Leaders in Jewish Education to Convene for North American Jewish Day School Conference
More than 600 leaders and educators at Jewish day schools across the spectrum of Jewish practice will convene February 6 – 8 in Los Angeles for the North American Jewish Day School Conference, exploring issues and approaches changing the face and direction of Jewish day school education for the new decade.
From making special education a priority within the Jewish day school framework, to harnessing technology to enhance and strengthen curricula and classrooms, to maintaining financially sustainable institutions of quality, the conference will address issues relevant to a day school movement committed to transmitting knowledge, enhancing practice, ensuring a vibrant future and solidifying its place on the educational landscape.
The conference is a joint initiative of the Institute for University-School Partnership at Yeshiva University, the Solomon Schechter Day School Association, RAVSAK: The Jewish Community Day School Network and PARDeS: The Progressive Association of Reform Day Schools. This is the second year that the organizations, representing the arc of Jewish movements and educational approaches, have joined to organize the conference and explore common issues.
“This conference, representing a collaboration among Reform, Conservative, Orthodox and Community day schools, and now in its second year, is already established as a paradigm for silo-busting in the Jewish community,” said Dr. Marc Kramer, executive director of RAVSAK. “Our common denominator is the recognition that Jewish day schools are the most significant venue for Jewish continuity. So it is that we convene to examine the essential emerging issues for Jewish schools.”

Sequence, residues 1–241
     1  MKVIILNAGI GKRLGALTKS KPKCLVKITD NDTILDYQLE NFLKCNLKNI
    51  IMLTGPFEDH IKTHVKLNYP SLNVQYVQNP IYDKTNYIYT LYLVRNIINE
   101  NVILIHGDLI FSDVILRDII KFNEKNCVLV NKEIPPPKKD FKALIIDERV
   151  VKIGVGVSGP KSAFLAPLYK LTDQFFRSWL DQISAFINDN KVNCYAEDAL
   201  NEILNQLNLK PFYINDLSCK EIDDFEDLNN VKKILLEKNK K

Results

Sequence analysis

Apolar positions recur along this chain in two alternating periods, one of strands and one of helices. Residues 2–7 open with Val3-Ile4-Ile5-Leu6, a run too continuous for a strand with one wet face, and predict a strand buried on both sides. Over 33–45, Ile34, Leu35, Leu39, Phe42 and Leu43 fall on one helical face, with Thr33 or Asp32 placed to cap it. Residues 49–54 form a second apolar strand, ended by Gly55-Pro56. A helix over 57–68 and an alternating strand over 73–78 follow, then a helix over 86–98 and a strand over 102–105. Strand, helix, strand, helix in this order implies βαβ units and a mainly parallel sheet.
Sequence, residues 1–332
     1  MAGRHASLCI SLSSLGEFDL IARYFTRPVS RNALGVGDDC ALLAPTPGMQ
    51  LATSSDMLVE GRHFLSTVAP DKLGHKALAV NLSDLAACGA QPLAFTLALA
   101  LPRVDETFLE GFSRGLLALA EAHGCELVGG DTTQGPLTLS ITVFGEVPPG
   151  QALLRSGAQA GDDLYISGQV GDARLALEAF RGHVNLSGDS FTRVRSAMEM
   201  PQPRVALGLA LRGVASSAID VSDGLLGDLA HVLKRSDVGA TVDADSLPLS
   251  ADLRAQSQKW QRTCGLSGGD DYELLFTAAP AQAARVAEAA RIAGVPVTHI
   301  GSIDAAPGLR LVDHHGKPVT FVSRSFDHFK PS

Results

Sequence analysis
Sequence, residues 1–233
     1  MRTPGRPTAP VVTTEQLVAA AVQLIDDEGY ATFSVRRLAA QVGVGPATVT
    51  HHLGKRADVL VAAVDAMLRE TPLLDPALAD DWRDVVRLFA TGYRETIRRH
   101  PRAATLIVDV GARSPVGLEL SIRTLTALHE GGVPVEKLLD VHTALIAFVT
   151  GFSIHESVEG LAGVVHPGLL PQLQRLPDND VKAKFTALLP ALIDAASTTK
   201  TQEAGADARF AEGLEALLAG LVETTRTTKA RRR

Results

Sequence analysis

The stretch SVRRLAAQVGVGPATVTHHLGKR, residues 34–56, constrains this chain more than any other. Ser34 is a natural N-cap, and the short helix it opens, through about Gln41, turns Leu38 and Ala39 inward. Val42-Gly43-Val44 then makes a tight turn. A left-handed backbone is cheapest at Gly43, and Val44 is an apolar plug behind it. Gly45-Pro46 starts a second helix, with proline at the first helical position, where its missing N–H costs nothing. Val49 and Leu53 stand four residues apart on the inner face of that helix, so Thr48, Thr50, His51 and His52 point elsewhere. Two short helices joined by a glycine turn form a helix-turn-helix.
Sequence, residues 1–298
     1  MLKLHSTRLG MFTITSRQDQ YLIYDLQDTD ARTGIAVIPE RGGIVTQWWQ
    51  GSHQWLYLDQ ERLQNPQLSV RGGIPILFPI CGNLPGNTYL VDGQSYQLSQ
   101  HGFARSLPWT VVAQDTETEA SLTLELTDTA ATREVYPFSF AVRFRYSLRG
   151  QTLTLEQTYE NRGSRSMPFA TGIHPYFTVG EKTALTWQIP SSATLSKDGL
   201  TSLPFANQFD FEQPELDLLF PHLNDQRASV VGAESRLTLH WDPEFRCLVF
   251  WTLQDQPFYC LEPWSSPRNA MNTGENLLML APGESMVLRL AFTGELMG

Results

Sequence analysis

The theme of the conference is The High Performance, High-Tech Jewish Day School of the Very Near Future, underscoring how Jewish educational professionals are transforming their individual institutions – and the day school movement itself – into inclusive venues of educational quality and value utilizing proven, effective and emerging approaches.
“The registration of hundreds of schools and organizational leaders for the second annual North American Jewish Day School Conference is testimony that our first gathering was a success and that convening the field focused on Jewish education is an integral part of our collective work,” said Dr. Scott Goldberg, director of the Institute for University-School Partnership. “This year’s conference, focusing on schools of the future, reinforces our partnership with schools and the field at large in advancing Jewish education today and for generations to come. Educators and leaders will once again have the opportunity to network and learn from each other and experts, gaining the knowledge, skills, and dispositions to lead our schools in the 21st century.”
Nearly 70 sessions and workshops will focus on the provocative issues, ideas, challenges and opportunities facing Jewish educational leaders building the day schools of the future, and including the promises and pitfalls of Israel education, new technologies and philanthropic support.
Jewish education for students with special needs occupies a significant slice of programming at the 2011 conference, reflecting trends toward inclusion as a Jewish value to be reflected in day schools, offering children with special needs a community option for formal Jewish education.
The North American Jewish Day School Leadership Conference is sponsored by the AVI CHAI Foundation, the Center for Initiatives in Jewish Education, The Covenant Foundation, ERB, the Partnership for Excellence in Jewish Education, The Kohelet Foundation and several anonymous funders.
A full schedule for the conference is viewable at the conference website, www.jewishdayschoolconference.org.